Cracked Teeth Don’t Always Hurt…
Cracked teeth with silver mercury fillings usually don’t hurt, but need attention before they split!
This finding is fairly common when I examine patients, especially those who brux or grind their teeth at night. When I perform a dental examination I look closely at the biting surfaces of my patient’s teeth. Not only am I on the lookout for cavities and broken fillings, but I am also looking for white or black lines that may be evidence of a vertical crack. Although it is tempting to leave teeth alone when there are cracks that are not painful, this probably is not the best approach.
Cracks in teeth do not heal themselves and cracks tend to spread as time goes by. Waiting until a cracked tooth hurts is probably not an optimal approach. I find that the best way to deal with most teeth that have a visible crack like in the above photo (taken of a new patient to our practice yesterday) is to clean out the tooth. This involves taking out any existing filling in the tooth and also making a channel at the site of the visible crack. This channel is usually approximately 2 mm deep for back teeth (premolars and molars) and shallower for front teeth. Once the channel is completed and any fillings removed, I shine a bright bonding light on the tooth in order to help find any more cracks in the tooth, and I also take a close-up photograph to look at on our computer monitor. If there are not remaining cracks in the tooth then the tooth can be either filled with composite (tooth-colored plastic filling) or if the amount of missing tooth warrants it, a crown can be planned, or even completed the same day. Not all front teeth with cracks need crowns, this all depends on the patient’s bite and how the front teeth meet or if there are missing back teeth. Occasionally some front teeth with cracks can be bonded as a repair.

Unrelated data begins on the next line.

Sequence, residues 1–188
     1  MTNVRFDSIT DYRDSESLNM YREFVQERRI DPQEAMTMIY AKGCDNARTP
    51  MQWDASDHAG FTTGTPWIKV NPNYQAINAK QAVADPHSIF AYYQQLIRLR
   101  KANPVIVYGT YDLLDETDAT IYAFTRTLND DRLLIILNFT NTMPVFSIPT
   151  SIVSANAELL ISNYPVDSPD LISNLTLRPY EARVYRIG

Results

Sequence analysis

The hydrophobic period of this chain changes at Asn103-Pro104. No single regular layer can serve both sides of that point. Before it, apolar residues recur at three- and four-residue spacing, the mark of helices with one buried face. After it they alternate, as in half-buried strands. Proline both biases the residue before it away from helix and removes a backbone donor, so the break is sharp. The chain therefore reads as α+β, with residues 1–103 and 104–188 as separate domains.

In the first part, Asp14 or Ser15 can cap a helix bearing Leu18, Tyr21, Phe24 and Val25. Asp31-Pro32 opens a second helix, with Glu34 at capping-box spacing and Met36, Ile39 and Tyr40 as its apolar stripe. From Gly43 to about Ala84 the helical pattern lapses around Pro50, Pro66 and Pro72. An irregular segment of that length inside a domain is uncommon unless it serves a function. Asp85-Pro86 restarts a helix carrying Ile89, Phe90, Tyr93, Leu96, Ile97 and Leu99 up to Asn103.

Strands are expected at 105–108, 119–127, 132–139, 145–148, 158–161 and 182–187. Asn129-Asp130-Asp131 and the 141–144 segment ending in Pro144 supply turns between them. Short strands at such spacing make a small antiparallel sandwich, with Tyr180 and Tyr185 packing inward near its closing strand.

Most back teeth with cracks that are still visible after cleaning out should be crowned. This treatment will help distribute the biting forces to the tooth and help prevent cracks from getting larger. If the crack is significant, the patient is advised that if the tooth becomes symptomatic after crowning it may require root canal therapy.
Dr. Andrea Stevens is a cosmetic and family dentist in practice in Kanata, Ontario. If you have dental questions, you can call her at 613-271-7091 or visit her at kanatacosmeticdentist.com Please also feel free to leave comments or questions below, and Dr. Stevens will be happy to answer!